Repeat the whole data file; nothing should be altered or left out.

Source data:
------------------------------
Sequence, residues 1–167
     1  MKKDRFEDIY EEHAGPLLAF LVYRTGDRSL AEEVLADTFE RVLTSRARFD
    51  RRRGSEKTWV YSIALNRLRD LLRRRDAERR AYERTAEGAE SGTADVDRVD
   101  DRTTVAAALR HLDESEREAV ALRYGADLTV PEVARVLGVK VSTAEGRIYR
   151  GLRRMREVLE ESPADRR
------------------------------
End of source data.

Sequence, residues 1–167
     1  MKKDRFEDIY EEHAGPLLAF LVYRTGDRSL AEEVLADTFE RVLTSRARFD
    51  RRRGSEKTWV YSIALNRLRD LLRRRDAERR AYERTAEGAE SGTADVDRVD
   101  DRTTVAAALR HLDESEREAV ALRYGADLTV PEVARVLGVK VSTAEGRIYR
   151  GLRRMREVLE ESPADRR